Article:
Spices and Seasons – Tomato Fish Curry


FC_sqI went back to my sequencing the Indian meal, and this week I was talking about entrees, of course with a caveat that the Indian meal is often served family style rather than in courses. This week, I thought I would feature a fish curry, something that is quite popular in our house. This dish called fish achari, is distinct in that it gets its flavors from whole spices like nigella seeds and fenugreek, that are typically used in Indian pickles. The word achari is derived from the Indian word achar or pickle and as you can guess this refers to a recipe with a generous  dose of spice. Well, while the temperatures are getting warmer next week, (hey, I will take the double digits over the crazy deep freezer we seem to have settled into this week), it still is cold enough to savor hot and spicy food. That is pretty much how I deal with the cold, loads of spices and hot ginger tea. So, what is your favorite cold weather pick me up?

With people keeping an eye out for lenten meals, and coming to think of it given that my column usually posts on a Monday, it probably makes for a good meatless dish. Now, this curry has a deep and flavorful base, with tomatoes, cayenne pepper and nicely toasted whole spices all simmered into a lovely heartwarming perfection of a sauce. It tastes great with freshly steamed rice, possibly an easy basmati rice pilaf like the one featured here on Spice Chronicles, or if you like you can actually enjoy it with hot and crusty bread not unlike any other stew in your life and coming to think of it, it would taste just fine over polenta as well.

FC with Rice

Collards, Quinoa and Fruit

Prep Time: 5 minutes

Cook Time: 15 minutes

Total Time: 25 minutes

Yield: 4 - 6 Servings

You can easily substitute the collards for kale in the quick dish.


  • 1 ½ - 2 cups of cooked quinoa
  • 1 cup dry fruit of your choice: cherry, cranberry, apricot or raisin
  • 2 bunches of collards
  • Extra virgin olive oil
  • Kosher salt
  • Ground black pepper
  • Zest and juice of one lemon, divided


  1. Place the dry fruit in a small bowl and cover with warm water to plump a little. Set aside.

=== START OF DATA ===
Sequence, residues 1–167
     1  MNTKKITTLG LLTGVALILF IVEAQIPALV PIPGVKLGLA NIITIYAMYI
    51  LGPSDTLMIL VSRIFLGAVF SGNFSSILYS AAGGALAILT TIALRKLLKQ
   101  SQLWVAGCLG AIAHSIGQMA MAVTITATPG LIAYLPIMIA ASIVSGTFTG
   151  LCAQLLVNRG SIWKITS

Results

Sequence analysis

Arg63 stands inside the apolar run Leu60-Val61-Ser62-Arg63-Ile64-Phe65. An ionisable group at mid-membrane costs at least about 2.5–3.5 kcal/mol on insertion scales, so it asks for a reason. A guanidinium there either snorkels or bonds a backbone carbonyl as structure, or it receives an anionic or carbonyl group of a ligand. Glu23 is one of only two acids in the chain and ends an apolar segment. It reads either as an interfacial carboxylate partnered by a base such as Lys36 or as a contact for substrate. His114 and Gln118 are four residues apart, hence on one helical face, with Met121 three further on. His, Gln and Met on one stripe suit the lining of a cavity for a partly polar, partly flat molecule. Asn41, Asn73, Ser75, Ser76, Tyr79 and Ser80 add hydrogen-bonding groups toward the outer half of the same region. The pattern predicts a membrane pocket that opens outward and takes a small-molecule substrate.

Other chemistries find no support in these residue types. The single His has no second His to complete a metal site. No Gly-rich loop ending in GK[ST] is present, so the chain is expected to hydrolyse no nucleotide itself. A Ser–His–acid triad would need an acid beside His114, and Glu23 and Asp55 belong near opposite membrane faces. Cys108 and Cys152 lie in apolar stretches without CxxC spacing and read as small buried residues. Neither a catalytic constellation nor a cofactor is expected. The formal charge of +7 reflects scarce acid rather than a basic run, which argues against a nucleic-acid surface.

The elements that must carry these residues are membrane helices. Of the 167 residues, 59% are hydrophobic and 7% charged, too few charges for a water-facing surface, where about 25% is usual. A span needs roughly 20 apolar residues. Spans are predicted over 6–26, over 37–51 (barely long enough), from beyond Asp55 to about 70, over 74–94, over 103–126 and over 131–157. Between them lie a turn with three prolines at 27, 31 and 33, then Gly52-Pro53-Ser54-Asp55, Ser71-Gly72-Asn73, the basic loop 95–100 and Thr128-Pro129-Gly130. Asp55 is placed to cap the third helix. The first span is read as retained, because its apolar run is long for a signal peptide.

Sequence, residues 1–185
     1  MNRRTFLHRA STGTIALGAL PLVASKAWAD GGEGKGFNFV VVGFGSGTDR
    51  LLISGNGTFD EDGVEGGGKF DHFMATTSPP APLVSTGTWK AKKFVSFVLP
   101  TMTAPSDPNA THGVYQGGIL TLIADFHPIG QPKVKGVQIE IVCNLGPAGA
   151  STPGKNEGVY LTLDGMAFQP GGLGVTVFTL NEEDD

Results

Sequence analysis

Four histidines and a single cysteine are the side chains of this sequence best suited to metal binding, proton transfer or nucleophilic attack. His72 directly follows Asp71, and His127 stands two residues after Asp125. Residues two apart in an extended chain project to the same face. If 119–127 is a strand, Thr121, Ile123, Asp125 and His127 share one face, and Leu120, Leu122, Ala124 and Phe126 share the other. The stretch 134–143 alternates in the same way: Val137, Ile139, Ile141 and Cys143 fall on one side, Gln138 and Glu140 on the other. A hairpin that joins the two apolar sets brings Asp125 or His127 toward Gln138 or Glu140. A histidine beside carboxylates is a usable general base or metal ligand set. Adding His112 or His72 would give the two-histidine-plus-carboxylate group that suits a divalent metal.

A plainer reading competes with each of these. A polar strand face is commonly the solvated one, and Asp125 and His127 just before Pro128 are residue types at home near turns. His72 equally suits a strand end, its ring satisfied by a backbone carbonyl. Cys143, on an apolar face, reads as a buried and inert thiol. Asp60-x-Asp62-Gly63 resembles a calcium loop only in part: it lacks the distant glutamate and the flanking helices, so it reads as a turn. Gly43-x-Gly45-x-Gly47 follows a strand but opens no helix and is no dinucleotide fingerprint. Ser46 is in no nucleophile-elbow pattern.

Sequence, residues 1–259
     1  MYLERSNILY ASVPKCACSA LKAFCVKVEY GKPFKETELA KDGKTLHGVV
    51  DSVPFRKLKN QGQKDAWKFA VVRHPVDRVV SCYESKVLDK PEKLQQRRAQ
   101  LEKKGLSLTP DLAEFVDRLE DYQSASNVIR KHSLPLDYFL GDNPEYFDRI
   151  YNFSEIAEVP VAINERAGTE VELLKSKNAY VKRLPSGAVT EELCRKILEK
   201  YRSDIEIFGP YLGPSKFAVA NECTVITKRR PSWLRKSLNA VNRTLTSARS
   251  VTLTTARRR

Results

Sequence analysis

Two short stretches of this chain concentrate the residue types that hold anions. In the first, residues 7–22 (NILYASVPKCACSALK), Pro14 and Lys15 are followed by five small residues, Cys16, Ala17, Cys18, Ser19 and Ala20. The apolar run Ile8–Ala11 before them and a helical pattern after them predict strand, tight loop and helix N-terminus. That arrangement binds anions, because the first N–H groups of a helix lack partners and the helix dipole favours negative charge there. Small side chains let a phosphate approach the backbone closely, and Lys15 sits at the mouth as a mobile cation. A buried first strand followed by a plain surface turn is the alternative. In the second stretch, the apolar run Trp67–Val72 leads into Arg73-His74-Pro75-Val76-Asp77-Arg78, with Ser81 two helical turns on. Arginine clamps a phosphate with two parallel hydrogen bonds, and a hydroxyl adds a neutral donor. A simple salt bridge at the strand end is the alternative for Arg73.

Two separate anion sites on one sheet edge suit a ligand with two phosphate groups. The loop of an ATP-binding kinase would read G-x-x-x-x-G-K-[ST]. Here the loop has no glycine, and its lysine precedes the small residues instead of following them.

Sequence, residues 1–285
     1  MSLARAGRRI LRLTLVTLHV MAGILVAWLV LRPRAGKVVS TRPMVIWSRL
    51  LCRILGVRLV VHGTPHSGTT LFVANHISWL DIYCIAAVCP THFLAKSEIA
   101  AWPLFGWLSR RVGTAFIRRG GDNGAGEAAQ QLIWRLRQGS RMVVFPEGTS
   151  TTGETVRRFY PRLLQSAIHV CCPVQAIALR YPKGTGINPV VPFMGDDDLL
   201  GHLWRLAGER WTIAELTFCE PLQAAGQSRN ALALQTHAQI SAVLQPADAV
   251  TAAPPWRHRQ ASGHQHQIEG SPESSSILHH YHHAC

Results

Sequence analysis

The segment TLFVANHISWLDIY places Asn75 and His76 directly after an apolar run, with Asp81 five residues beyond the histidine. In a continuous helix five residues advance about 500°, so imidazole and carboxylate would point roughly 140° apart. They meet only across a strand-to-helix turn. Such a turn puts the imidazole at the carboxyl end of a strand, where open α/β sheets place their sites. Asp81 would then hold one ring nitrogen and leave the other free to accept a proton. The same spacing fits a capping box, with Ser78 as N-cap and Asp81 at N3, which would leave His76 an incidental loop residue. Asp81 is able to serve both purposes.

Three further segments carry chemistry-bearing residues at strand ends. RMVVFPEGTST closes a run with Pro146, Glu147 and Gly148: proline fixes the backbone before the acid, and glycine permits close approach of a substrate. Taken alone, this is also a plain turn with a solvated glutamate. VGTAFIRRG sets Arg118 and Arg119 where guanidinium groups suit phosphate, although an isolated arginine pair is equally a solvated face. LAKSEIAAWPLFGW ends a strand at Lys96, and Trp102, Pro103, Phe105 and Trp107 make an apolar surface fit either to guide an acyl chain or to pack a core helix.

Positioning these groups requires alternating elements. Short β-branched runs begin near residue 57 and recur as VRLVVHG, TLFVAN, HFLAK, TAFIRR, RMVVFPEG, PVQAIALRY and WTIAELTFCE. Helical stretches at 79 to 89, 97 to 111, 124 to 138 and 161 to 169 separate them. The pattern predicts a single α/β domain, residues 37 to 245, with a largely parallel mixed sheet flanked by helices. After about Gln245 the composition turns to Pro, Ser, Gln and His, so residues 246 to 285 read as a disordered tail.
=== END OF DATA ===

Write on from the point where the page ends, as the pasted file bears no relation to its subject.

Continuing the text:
2. Strip the tough stem from the collards. Stack and roll the leaves like a cigar and cut in ½ - ¾ “ slices.
  3. Heat a large saute pan with 2-3 tablespoons of olive oil and add the sliced collards tossing to coat all the leaves. (Add additional olive oil if needed.) Season with salt and pepper and saute until wilted, about 5 minutes. Add ¼ cup of water and let it evaporate, steaming the collards slightly, another 5 minutes. Add the zest of the lemon, toss and set aside in a large bowl.
  4. Drain the fruit, add to the collard bowl along with the quinoa and fluff with tongs to mix it throughout.
  5. In a small bowl whisk the lemon juice and olive oil to make a little dressing, to your taste. Season with salt and pepper and dress the salad.
  6. Serve warm or cold.


About Author

Rinku Bhattacharya, the Spices & Seasons blogger, loves meshing seasonal produce with fresh spices. Most of her recipes are inspired by her Indian heritage, and her cooking is practical, easy and well suited for a busy lifestyle on the go. As a mother with two young children, her recipes are also usually balanced and kid-friendly. Rinku is the author of the blog, Spice Chronicles (formerly,Cooking in Westchester), where she shares her life experiences and original recipes. Rinku is blessed with a gardener husband, who always surprises her with a prolific and fresh supply of produce to keep her creative instincts flowing. Rinku has been teaching recreational cooking classes for the past nine years. Rinku is the author of two cookbooks: The Bengali Five Spice Chronicles an award winning (Gourmand 2013) cookbook that highlights culture, memories and recipes from her childhood transformed where needed for her Lohud kitchen and Spices and Seasons that marries Indian flavors with local and seasonal produce. Rinku can be found on Facebook, Twitter, and Pinterest and is also a contributor for Zester Daily.

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